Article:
Overview: Natural Gas Technology/Monetization (April 2006)
- John Vitucci (FMC Technologies)
- Document ID
- Society of Petroleum Engineers
- Journal of Petroleum Technology
- Publication Date
- April 2006
- Document Type
- Journal Paper
- 85 - 85
- 2006. Copyright is retained by the author. This document is distributed by SPE with the permission of the author. Contact the author for permission to use material from this document.
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Commercialization of the world’s natural-gas resources continues to be a leading industry initiative as natural gas remains the fastest-growing resource addition to global energy supplies and we continue to embrace clean-energy initiatives. Natural-gas reserves on a global basis exceed 5,000 Tcf (Apanel 2005). Gas will increase its share of the world’s energy supply in the coming decades. ExxonMobil expects natural gas to account for 25% of the world’s total energy needs by 2030 (Donnelly 2005). Shell forecasts that natural-gas demand will grow 3% per year over the next 15 years and that demand for liquefied natural gas (LNG) will grow 8 to 10%/yr (Donnelly and Denney 2005). As gas globalization progresses, a variety of transportation and utilization methods will be needed for exploitation of remote natural-gas resources. Pipelines will continue to dominate gas transportation, but other technologies will be required to overcome ever-increasing distances between production centers and markets, overcome geopolitical barriers, and facilitate gas development from offshore developments. LNG, compressed-natural-gas (CNG), and gas-to-liquid (GTL) technologies will grow in importance as transportation and use options. LNG will continue to be the dominant technology, with CNG and GTL finding niches within the global transportation and use infrastructure. Technical advancements in LNG, CNG, and GTL continue to outpace their commercialization. Clearly, technology will not be a limiting factor in the globalization of natural gas.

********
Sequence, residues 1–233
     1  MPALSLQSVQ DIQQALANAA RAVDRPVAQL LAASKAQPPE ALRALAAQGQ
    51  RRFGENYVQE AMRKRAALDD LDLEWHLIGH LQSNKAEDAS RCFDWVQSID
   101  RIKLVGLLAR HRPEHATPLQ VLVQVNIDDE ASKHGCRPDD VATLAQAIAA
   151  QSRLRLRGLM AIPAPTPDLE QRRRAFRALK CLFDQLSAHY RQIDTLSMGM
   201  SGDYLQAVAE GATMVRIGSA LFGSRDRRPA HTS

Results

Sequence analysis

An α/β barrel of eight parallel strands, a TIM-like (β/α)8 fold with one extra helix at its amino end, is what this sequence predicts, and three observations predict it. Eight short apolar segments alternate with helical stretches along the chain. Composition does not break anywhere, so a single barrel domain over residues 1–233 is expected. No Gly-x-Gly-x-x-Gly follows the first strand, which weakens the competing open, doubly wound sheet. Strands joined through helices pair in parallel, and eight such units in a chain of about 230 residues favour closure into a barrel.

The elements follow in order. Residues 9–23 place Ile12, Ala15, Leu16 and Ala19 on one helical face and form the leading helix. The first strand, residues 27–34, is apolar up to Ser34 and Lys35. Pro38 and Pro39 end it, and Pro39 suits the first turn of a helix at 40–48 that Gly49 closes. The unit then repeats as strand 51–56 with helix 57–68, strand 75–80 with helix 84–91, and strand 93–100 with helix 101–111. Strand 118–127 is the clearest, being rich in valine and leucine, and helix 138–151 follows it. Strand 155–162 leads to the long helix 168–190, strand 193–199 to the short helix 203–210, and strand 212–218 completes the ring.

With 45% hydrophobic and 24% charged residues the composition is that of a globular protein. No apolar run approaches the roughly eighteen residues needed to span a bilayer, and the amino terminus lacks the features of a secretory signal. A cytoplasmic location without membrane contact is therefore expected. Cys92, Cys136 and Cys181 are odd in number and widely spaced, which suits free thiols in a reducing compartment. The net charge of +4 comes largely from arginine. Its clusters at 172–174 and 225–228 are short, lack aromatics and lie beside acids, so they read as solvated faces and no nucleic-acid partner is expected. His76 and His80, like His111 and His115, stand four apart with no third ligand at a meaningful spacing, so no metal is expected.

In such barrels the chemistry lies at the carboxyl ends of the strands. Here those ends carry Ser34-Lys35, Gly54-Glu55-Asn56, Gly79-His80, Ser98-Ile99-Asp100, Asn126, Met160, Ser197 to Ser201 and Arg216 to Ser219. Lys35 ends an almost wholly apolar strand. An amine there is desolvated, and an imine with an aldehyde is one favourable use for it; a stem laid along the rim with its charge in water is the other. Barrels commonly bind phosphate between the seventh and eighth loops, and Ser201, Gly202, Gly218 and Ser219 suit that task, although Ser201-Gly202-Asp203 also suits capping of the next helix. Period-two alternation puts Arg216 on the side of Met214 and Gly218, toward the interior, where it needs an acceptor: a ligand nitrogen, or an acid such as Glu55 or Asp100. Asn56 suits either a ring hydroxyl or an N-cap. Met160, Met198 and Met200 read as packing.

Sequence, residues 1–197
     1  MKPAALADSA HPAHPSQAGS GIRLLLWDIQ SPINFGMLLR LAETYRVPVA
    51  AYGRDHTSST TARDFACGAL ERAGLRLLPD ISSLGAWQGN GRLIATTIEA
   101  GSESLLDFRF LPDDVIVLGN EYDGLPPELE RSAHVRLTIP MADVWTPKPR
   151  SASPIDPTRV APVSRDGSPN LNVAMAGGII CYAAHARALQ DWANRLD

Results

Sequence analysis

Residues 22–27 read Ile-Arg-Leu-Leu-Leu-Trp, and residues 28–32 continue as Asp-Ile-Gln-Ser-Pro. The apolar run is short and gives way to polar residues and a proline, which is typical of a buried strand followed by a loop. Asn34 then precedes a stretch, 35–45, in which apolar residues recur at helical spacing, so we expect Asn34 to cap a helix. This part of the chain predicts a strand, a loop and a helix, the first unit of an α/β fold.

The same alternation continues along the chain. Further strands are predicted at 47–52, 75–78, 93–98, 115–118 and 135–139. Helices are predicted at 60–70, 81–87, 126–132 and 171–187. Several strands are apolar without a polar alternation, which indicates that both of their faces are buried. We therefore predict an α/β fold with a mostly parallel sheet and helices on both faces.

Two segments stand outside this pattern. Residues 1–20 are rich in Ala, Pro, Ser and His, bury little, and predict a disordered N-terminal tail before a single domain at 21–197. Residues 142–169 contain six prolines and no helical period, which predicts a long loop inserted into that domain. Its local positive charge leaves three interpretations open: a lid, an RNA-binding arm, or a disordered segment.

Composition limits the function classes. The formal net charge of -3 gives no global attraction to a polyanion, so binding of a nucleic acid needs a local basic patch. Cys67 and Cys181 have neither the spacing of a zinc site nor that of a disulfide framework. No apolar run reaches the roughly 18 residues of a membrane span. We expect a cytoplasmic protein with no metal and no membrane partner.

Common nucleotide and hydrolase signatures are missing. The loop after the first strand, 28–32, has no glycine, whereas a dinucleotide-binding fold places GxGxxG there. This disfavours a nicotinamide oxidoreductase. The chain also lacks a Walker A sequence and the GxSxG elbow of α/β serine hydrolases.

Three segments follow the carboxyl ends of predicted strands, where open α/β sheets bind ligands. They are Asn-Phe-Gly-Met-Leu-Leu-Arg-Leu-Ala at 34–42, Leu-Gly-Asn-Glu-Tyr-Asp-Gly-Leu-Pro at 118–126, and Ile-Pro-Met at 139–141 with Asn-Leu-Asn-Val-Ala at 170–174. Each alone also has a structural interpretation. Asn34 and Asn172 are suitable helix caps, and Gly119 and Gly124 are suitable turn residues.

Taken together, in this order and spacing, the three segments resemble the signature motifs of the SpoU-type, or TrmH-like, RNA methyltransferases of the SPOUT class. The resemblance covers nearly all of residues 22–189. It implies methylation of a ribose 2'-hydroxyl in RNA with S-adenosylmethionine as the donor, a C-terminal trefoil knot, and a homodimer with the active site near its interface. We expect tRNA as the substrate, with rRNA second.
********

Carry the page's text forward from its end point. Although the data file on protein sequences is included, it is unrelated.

The papers featured this month highlight some of the technical innovations in applying LNG and CNG to offshore gas development. As exploration and development moves into deeper waters and more-remote offshore frontiers, LNG and CNG technologies will provide developers with options in transporting gas to distant markets. GTL technology will be available in selected applications to use otherwise stranded gas and supply environmentally friendly fuels to both developed and emerging economies. Ultimately, GTL will move offshore, analogous to the evolution of LNG and CNG. The key will be to make further advancements in reducing plant complexity, size, and weight. For readers desiring a broader view of technological developments in natural-gas production, transportation, and use, I recommend the additional-reading papers.
Apanel, G. 2005. GTL Update. Paper SPE 93580 prepared for the 14th SPE Middle East Oil & Gas
Show and Conference, Bahrain, 12–15 March.
Donnelly, J. 2005. The Gas Age. JPT 57(12): 14.
Donnelly, J., and Denney, D. 2005. ATCE Sessions Tackle Contemporary Challenges Facing the Industry. JPT, 57(12): 30.
Natural Gas Technology/Monetization additional reading available at the SPE eLibrary: www.spe.org
SPE 96037 “Downhole Pressure Boosting in Natural-Gas Wells: Well-Candidate Selection and Project Progress,” by J.E.N. Liley, Corac Group plc.
SPE 95655 “Analysis of Gas-Cycling Performance in Gas/Condensate Reservoirs Using Neurosimulation,” by L.F. Ayala, SPE, Pennsylvania State U., et al.
SPE 97627 “An Inflow-Performance Relationship for Horizontal Gas Wells,” by N. Akhimiona, SPE, Chevron, et al.
SPE 95531 “Assessing Producibility of a Region’s Gas/Condensate Reservoirs,” by C.S. Kabir, SPE, Chevron, et al.
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